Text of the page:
Emil Orlik, Die Näherin (The Seamstress)
Emil Orlik, On the Victoria Embankment, London
(also known as In the Park)
Of course, not all of those who worked in this style achieved the lasting fame of Nicholson, Vallotton, and Orlik. The German artist Fritz Lang (1877-1961) is hardly known today, though I like the boldness and the humour in my two examples of his work. Lang was born in Stuttgart, where he studied at the art school before completing his studies at the Karlsruhe Academy.
Fritz Lang, Rabbits
Fritz Lang, Man with a cigarette
Daniel Staschus (1872-1953) is even more obscure. Born in Girreniken, he studied at the Königsburg Academy.
Daniel Staschus, Vor Anker (At anchor)
The lack of ready information about some of these intriguing artists is of course intensified as soon as you come to the women. Martha Wenzel (1859-1943) is a case in point. She was born in Lippiany (Lippehne) and died in Merxhausen. Her powerful woodcuts of the early 1900s show a remarkable talent, but as with so many female artists of her day, very little is known about her. When she created my woodcut, Spaziergang, she was living and working in Munich.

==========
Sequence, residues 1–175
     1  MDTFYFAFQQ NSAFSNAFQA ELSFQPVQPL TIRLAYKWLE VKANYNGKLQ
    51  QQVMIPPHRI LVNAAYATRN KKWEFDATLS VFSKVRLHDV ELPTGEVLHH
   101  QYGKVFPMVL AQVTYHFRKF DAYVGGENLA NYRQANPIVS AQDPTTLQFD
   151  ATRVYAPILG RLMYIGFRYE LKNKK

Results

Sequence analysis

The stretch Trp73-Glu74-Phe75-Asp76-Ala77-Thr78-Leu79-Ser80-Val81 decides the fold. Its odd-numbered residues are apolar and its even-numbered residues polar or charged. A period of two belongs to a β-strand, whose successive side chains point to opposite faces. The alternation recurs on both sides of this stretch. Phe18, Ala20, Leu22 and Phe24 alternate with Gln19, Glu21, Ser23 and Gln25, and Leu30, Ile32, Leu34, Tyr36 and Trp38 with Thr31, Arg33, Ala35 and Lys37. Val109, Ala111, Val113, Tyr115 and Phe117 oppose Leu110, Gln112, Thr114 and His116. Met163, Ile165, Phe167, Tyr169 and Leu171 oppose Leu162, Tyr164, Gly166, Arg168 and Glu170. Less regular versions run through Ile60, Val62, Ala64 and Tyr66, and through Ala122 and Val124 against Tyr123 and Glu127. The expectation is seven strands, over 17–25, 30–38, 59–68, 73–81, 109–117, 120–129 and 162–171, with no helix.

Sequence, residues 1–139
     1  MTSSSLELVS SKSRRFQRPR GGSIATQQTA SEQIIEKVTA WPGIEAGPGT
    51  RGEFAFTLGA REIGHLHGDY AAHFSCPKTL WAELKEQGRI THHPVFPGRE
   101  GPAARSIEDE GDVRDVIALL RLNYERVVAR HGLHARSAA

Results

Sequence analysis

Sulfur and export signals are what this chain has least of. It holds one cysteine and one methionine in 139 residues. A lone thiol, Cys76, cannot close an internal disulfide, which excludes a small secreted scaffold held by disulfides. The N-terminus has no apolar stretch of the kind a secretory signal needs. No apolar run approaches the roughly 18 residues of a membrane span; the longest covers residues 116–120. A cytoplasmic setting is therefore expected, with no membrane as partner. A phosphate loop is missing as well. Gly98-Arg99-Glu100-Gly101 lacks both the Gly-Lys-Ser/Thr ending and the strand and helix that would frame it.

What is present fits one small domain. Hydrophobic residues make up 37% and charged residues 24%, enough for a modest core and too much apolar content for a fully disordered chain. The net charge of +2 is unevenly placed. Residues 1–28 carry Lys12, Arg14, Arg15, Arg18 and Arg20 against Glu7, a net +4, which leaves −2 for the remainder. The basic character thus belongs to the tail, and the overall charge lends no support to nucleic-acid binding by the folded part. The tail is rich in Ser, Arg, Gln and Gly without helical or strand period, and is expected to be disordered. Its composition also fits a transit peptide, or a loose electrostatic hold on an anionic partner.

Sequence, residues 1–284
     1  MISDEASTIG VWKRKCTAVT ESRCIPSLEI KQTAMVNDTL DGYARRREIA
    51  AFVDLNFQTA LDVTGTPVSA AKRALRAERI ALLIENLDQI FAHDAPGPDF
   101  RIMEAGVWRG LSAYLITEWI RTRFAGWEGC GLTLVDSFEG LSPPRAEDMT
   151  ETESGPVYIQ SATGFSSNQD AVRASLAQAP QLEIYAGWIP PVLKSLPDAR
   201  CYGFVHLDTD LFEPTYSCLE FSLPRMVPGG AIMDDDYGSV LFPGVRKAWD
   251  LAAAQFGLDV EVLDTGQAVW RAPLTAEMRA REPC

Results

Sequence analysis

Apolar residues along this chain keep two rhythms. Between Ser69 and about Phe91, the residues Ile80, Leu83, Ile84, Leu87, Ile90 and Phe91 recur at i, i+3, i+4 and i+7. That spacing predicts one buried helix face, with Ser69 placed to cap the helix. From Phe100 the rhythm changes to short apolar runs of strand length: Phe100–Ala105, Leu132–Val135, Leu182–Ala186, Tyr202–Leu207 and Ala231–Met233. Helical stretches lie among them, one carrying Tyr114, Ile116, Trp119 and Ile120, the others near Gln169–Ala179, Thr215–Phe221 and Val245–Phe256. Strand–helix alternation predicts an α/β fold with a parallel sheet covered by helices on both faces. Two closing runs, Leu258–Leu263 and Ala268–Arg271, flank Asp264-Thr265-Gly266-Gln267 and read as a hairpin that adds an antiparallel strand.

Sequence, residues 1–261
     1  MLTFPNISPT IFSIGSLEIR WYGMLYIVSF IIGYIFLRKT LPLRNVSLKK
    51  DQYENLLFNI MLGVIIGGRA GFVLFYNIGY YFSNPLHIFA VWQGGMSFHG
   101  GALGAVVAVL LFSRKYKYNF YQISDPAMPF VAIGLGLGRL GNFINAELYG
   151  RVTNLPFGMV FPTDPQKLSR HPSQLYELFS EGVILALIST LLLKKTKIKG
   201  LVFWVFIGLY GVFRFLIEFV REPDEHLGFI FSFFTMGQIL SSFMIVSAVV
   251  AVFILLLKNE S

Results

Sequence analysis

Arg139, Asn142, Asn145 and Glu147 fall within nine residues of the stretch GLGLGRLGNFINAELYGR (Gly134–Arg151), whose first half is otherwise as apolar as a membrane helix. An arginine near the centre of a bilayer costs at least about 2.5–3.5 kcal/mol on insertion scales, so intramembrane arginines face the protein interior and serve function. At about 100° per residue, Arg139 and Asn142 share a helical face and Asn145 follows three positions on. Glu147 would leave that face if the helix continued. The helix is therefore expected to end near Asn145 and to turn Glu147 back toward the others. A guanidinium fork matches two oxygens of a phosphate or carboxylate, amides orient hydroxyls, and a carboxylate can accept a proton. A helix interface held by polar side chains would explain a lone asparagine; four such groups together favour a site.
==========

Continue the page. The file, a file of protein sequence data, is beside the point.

Martha Wenzel, Spaziergang (Going for a walk)
For Gertrud Leschner, who was active in Leipzig in the early decades of the twentieth century, I don’t even have dates of birth and death.
Gertrud Leschner, Untitled (View across buildings)
Hans Neumann (1873-1957) and his brother Ernest, the sons of the painter and art critic Emil Neumann, were both woodcut artists associated with the journal Die Jugend, which gave its name to the German Art Nouveau movement, Jugendstil. Hans Neumann is now much the better known of the two brothers, celebrated for his colour woodcuts of landscape subjects.
Hans Neumann, Letzte Sonnenstrahlen (Last rays of the sun)
Hans Neumann, Meeresruhe (Calm sea)
Although some artists such as Hans Neumann continued working in this vein (see Clive's typically eloquent and informative post on Neumann at Art and the Aesthete), this particular style of western woodcut, emerging in the early 1890s, was effectively finished off by the outbreak of WWI.